Sunday, October 23, 2011

Sermon for October 23rd: Matthew 22:23-33

‘Rest in Peace and Rise in Glory!’

Today we gather to remember with thanksgiving our loved ones who have died over the past year or so. Ever since we began this annual service at St. Margaret’s back in 2009 I have been amazed by the response to it, and by the number of people who choose to bring a carnation forward in memory of a loved one and to offer their name in remembrance and prayer. Obviously many of us have been touched by the sobering reality of death, and it seems appropriate for us today to ask what the Christian faith has to say to us about death, and about life after death? In our Gospel for today Jesus is asked to comment on the nature of life after death, and his comments are directly relevant to our theme today.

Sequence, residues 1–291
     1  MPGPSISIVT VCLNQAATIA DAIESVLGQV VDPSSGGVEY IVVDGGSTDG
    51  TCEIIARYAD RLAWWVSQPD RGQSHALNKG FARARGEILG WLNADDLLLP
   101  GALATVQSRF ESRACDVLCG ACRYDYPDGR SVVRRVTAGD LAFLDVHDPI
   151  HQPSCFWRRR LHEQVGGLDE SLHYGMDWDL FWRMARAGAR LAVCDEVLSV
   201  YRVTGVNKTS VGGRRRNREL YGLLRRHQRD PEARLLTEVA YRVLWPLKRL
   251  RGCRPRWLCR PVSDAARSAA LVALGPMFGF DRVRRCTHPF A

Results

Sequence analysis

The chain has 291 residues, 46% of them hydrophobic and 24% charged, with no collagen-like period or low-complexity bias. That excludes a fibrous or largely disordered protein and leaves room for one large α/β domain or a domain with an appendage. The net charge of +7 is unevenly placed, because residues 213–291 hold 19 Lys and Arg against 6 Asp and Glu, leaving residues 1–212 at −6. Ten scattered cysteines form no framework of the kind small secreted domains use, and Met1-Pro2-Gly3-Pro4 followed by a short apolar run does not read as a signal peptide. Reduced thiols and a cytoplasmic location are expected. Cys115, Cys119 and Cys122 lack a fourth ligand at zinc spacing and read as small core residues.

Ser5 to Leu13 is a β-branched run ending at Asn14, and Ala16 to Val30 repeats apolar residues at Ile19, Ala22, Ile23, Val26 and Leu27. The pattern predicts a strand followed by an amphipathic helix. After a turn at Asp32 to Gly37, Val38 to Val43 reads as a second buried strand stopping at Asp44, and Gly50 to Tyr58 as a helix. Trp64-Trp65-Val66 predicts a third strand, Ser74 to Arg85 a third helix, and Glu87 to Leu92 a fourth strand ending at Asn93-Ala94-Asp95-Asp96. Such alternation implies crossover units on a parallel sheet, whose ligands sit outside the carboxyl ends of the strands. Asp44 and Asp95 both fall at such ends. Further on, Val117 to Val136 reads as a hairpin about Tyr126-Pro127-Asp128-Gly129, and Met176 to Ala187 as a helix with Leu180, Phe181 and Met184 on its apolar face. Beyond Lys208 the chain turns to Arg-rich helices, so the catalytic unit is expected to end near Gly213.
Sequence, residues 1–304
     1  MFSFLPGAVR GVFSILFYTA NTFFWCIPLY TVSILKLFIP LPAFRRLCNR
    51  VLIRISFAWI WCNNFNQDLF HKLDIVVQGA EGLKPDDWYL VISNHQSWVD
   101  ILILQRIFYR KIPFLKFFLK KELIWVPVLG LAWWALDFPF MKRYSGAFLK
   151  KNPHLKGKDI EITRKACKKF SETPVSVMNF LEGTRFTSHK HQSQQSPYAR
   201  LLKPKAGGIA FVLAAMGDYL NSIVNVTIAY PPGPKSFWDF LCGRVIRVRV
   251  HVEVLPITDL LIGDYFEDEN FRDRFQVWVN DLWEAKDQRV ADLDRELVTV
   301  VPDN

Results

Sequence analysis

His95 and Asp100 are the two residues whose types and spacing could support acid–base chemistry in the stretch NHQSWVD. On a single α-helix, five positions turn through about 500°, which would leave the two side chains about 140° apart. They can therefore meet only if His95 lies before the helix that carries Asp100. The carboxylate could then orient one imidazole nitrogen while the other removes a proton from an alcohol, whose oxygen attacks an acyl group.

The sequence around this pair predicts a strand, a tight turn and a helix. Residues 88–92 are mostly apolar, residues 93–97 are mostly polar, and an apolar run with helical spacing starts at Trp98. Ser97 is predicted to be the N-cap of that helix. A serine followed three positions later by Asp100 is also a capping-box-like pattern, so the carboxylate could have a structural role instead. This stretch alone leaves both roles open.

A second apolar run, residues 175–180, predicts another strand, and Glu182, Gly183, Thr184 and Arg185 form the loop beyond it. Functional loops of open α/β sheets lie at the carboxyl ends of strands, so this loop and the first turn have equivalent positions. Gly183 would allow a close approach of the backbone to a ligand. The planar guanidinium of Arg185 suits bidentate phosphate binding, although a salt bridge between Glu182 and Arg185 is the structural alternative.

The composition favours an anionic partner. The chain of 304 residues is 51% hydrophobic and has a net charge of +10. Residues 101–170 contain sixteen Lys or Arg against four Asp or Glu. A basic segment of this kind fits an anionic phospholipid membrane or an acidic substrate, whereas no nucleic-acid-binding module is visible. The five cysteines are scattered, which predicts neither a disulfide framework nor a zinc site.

In the time of Jesus, the Sadducees were a small and powerful religious party; most of the Jerusalem priests and elders were members of this group. One feature of this party was that they only accepted the authority of the first five books of the Bible, the so-called ‘books of Moses’ - Genesis, Exodus, Leviticus, Numbers and Deuteronomy; they did not accept the rest of what we call ‘the Old Testament’ as scripture. Neither did they believe in any kind of life after death, whether the survival of the soul or the resurrection of the body. As far as they were concerned, when you were dead, that was it; you could live on, in a sense, in your children, but they would never see you again after your death, because death was final.